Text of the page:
Reflecting on a decade of (quantified) music listening

I recently crossed the 10 year mark of using Last.fm to track what I listen to.

From the first tape I owned (Train’s Drops of Jupiter) to the first CD (Cat Stevens Classics) to the first album I discovered by roaming the stacks at the public library (The Most Serene Republic Underwater Cinematographer) to the college radio station that shaped my adolescent music taste (WONC) to the college radio station that shaped my college experience (WESN), to the shift from tapes, to CDs, (and a radio walkman all the while), to the radio in my car, to SoundCloud and MP3 music blogs, to Grooveshark and later Spotify, with Windows Media Player and later an iTunes music library keeping me company throughout…. It’s been quite a journey.

Some, but not all, of that journey has been captured while using the service Last.fm for the last 10 years. Last.fm “scrobbles” what you listen to as you listen to it, keeping a record of your listening habits and behaviors. I decided to add all this data to Splunk, along with my iTunes library and a list of concerts I’ve attended over the years, to quantify my music listening, acquisition, and attendance habits. Let’s go.

What am I doing?

Before I get any data in, I have to know what questions I’m trying to answer, otherwise I won’t get the right data into Splunk (my data analysis system of choice, because I work there). Even if I get the right data into Splunk, I have to make sure that the right fields are there to do the analysis that I wanted. This helped me prioritize certain scripts over others to retrieve and clean my data (because I can’t code well enough to write my own).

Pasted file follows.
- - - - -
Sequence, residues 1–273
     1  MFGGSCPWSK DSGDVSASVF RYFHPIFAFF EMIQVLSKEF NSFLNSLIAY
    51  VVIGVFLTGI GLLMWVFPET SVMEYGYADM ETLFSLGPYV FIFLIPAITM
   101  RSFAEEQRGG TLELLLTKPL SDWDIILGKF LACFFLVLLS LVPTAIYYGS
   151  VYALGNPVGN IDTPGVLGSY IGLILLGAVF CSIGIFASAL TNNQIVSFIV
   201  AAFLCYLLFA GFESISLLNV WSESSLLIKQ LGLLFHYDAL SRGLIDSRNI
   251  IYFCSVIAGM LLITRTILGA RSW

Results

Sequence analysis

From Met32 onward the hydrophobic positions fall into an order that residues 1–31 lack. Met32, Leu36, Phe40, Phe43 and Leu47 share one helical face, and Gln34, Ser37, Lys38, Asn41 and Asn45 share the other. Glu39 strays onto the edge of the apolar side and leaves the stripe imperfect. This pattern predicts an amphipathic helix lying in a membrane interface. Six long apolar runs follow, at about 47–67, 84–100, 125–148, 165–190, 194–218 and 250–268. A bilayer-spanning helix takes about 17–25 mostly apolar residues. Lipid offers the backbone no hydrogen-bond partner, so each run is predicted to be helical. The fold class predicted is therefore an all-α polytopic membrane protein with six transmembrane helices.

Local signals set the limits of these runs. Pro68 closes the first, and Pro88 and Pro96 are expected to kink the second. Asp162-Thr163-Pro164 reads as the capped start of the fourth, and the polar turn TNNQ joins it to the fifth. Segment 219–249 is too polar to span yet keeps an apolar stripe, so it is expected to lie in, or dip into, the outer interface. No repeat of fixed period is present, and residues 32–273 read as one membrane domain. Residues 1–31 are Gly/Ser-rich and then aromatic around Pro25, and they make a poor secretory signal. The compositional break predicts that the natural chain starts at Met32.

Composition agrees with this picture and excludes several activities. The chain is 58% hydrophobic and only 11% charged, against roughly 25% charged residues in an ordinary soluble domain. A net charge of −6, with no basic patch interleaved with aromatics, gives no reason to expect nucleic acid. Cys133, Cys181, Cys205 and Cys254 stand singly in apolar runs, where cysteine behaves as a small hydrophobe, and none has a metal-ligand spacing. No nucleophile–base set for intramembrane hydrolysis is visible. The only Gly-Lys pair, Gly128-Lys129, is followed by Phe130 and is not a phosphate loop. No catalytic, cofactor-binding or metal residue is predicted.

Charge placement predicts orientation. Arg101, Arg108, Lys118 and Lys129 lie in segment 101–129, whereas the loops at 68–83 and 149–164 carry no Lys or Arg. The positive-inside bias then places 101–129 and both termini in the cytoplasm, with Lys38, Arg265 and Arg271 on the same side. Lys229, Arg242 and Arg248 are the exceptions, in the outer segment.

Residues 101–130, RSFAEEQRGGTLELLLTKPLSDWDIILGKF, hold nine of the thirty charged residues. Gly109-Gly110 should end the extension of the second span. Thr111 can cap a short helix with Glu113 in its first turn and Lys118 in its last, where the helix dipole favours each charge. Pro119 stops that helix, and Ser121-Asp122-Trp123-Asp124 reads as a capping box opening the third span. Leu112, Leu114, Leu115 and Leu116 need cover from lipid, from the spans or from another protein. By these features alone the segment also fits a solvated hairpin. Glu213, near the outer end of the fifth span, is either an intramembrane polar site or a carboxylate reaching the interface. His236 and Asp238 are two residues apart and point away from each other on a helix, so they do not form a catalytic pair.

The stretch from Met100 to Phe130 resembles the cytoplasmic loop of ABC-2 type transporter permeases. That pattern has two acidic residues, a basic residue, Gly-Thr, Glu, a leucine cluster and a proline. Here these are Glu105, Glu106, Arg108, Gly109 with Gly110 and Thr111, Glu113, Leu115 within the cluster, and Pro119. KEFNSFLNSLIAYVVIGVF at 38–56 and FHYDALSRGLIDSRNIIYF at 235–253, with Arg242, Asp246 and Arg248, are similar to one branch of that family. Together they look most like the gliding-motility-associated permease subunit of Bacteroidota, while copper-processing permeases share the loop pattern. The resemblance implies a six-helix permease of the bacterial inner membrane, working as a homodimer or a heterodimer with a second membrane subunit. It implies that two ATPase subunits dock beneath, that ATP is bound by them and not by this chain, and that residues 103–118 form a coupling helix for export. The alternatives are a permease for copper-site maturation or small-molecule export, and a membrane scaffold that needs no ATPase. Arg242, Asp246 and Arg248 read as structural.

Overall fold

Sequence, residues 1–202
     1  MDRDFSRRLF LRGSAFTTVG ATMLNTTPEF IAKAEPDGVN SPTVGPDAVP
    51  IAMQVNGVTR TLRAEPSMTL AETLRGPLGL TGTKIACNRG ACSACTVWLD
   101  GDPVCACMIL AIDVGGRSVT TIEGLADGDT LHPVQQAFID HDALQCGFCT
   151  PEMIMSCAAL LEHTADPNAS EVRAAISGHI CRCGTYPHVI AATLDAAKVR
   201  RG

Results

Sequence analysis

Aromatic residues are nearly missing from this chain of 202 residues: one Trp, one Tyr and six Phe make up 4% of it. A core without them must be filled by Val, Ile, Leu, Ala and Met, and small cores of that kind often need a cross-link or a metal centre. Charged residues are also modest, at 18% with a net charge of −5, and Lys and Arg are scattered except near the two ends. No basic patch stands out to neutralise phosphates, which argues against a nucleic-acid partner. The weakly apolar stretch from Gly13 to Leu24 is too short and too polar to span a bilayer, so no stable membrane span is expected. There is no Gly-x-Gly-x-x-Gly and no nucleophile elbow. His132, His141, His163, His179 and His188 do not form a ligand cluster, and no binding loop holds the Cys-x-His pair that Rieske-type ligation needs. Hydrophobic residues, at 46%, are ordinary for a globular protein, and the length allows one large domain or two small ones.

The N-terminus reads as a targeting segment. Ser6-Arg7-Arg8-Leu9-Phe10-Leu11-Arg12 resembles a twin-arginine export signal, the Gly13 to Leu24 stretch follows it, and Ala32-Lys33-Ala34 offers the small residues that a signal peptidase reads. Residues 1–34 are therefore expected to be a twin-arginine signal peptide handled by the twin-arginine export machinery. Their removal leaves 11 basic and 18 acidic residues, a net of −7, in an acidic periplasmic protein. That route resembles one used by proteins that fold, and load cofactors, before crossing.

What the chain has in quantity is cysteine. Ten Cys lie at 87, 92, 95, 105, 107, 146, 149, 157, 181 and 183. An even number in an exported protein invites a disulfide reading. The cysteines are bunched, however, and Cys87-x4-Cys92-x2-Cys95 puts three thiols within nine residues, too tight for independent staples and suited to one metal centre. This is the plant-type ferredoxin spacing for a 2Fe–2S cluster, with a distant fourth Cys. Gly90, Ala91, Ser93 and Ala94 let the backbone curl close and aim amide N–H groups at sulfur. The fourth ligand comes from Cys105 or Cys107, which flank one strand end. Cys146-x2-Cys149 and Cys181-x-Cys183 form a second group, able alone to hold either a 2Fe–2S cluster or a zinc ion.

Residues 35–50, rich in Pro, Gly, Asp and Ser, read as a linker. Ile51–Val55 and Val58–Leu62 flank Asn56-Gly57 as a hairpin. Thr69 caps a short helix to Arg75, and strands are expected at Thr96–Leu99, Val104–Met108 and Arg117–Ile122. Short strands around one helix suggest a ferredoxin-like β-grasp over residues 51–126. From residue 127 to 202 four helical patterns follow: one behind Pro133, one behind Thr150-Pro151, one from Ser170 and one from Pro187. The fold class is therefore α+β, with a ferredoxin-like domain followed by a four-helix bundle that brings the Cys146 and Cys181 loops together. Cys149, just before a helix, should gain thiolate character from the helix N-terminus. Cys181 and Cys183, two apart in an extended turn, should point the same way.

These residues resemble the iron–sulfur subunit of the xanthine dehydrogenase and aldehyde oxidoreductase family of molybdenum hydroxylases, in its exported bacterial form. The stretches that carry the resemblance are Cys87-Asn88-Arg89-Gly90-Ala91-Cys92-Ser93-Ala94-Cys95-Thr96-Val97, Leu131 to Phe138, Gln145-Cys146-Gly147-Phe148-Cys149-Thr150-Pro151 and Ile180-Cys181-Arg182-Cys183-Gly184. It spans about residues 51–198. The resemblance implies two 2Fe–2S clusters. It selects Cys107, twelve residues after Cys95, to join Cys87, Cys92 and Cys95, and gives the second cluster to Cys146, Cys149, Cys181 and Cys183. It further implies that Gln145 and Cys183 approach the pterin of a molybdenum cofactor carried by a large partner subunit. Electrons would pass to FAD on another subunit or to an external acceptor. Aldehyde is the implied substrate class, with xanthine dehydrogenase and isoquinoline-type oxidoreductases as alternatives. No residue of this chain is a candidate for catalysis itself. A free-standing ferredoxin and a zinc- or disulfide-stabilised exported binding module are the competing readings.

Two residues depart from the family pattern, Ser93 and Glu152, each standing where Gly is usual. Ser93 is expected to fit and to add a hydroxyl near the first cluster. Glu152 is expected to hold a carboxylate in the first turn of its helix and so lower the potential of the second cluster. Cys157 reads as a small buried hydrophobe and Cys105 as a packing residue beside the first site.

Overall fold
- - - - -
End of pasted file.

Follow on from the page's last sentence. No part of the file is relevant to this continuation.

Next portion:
I also made a list of the questions that I wanted to answer with my data, and coded the questions according to the types of data that I would need to answer the questions. Things like:

  • What percentage of the songs in iTunes have I listened to?
  • What is my artist distribution over time? Do I listen to more artists now? Different ones overall?
  • What is my listen count over time?
  • What genres are my favorite?
  • How have my top 10 artists shifted year over year?
  • How do my listening habits shift around a concert? Do I listen to that artist more, or not at all?
  • What songs did I listen to a lot a few years ago, but not since?
  • What personal one hit wonders do I have, where I listen to one song by an artist way more than any other of their songs?
  • What songs do I listen to that are in Spotify but not in iTunes (that I should buy, perhaps)?
  • How many listens does each service have? Do I have a service bias?
  • How many songs are in multiple services, implying that I’ve probably bought them?
  • What’s the lag between the date a song or album was released and my first listen?
  • What geographic locations are my favorite artists from?

As the list goes on, the questions get more complex and require an increasing number of data sources. So I prioritized what was simplest to start, and started getting data in.

 

Getting data in…

I knew I wanted as much music data as I could get into the system. However, SoundCloud isn’t providing developer API keys at the moment, and Spotify requires authentication, which is a little bit beyond my skills at the moment. MusicBrainz also has a lot of great data, but has intense rate-limiting so I knew I’d want a strategy to approach that metadata-gathering data source. I was left with three initial data sources: my iTunes library, my own list of concerts I’ve gone to, and my Last.fm account data.

Last.fm provides an endpoint that allows you to get the recent tracks played by a user, which was exactly what I wanted to analyze. I started by building an add-on for Last.fm with the Splunk Add-on Builder to call this REST endpoint. It was hard. When I first tried to do this a year and a half ago, the add-on builder didn’t yet support checkpointing, so I could only pull in data if I was actively listening and Splunk was on. Because I had installed Splunk on a laptop rather than a server in ~ the cloud ~, I was pretty limited in the data I could pull in. I pretty much abandoned the process until checkpointing was supported.

After the add-on builder started supporting checkpointing, I set it up again, but ran into issues. Everything from forgetting to specify the from date in my REST call to JSON path decision-making that meant I was limited in the number of results I could pull back at a time. I deleted the data from the add-on sourcetype many times, triple-checking the results each time before continuing.